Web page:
In this paper, we consider a sensor network containing two widely separated secure sensors which have a very high level of security and thereby are guaranteed to be tamper-proof. The rest of sensors are unsecure, which are subject to arbitrary forms of attacks. In practice, the two secure sensors can be well protected, built with powerful chips, and supplied with sufficient power, thereby highly sophisticated encryption algorithms and security procedures can be implemented.

This paper aims at developing a general detection approach which does not rely on the form of the attacks or attack parameters, to identify the attacked sensors in the sensor network with provable detection performance guarantee. It is worth mentioning that the problem of attack detection in target localization systems is difficult, since the statistical model of sensor data depend on the target location and the attack strategy which are both unknown to the FC. By exploring the impact of the attacks on the statistical model of the sensor data, we reveal that the essential effect of attacks is to alter the estimated distance between the target and each attacked sensor to a different extent, giving rise to a geometric inconsistency among the attacked and unattacked sensors. Motivated by this fact, a class of detectors are proposed to detect the attacked sensors via scrutinizing the existence of the geometric inconsistency. To be specific, a naive maximum likelihood estimator (NMLE), the MLE formulated under the assumption of no attack, is first employed to estimate the distance between the target and each sensor. For each unsecure sensor, a circle is generated which is centered at the sensor with radius equal to the NMLE of its distance to the target. For each of the two secure sensors, a ring with some constant width is generated. This ring is centered at the sensor and is bisected by a circle with radius equal to the NMLE of the distance from the sensor to the target. If the circle of an unsecure sensor passes through the common area of the two rings, the sensor is declared unattacked; otherwise, we declare that it is under attack. A thorough performance analysis is carried out for the proposed detectors, showing that the false alarm and miss probabilities decrease exponentially as the number of data samples at each sensor grows, which implies that if for a sufficiently large number of samples, the proposed detectors can identify the attacked sensors with an arbitrary level of accuracy.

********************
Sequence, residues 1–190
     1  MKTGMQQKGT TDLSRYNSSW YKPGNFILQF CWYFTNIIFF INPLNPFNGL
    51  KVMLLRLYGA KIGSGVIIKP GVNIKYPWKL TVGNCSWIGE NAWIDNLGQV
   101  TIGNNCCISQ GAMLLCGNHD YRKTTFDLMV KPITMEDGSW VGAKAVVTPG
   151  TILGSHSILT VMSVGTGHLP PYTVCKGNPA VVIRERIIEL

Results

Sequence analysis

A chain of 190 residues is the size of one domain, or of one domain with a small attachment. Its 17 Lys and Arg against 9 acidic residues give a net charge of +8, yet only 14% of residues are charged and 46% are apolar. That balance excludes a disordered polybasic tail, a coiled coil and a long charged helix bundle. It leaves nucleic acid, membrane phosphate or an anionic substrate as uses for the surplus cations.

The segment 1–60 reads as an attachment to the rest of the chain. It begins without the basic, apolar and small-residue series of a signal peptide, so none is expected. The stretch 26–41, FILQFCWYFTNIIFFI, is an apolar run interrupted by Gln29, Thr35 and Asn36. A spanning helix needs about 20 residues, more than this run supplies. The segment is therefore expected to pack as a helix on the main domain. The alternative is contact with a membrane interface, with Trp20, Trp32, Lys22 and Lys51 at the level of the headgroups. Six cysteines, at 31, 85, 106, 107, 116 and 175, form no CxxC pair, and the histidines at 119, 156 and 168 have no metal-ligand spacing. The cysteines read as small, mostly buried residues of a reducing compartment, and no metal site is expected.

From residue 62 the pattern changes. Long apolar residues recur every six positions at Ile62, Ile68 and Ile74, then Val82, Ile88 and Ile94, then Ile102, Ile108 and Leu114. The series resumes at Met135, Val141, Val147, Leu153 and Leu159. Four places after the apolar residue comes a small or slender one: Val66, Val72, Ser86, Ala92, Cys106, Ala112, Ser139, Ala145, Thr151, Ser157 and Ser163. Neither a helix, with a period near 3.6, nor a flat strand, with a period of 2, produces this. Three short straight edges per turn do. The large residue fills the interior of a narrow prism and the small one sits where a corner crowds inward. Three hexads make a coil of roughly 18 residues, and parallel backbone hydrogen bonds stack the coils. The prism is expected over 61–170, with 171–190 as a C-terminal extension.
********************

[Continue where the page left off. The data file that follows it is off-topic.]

1.2 Related Works

With the proliferation of sensor network applications, there is an increasing concern about the security of sensor networks, see [8, 16, 9, 17, 18, 19] for instance. Most existing works on the security in sensor network target localization systems only consider analog measurements. However, for a typical sensor network with limited resources, it is desirable that only quantized data is transmitted from sensors to the FC [5, 6, 7]. Moreover, there is a lack of theoretical performance analysis of attack detection strategies.

Attack detection in the context of target localization with quantized data has not been well investigated in the literature. In [7], a specific attack model is considered and a practical approach is proposed to detect attacks in target localization systems. In particular, several secure sensors are employed to provide a coarse estimate of the target location, and then the expected behaviors of attacked and unattacked sensors are calculated based on the coarse estimate and the attack model. This method is based on heuristic and there is no detection performance guarantee. In our proposed approach, the estimate of the target location is not required, and moreover, the attack detection performance is rigorously investigated, which demonstrates that any identification accuracy can be achieved if the number of data samples is sufficiently large. In addition, the approach in [7] requires the knowledge of the statistical model of the attack, which is not required by our proposed approach.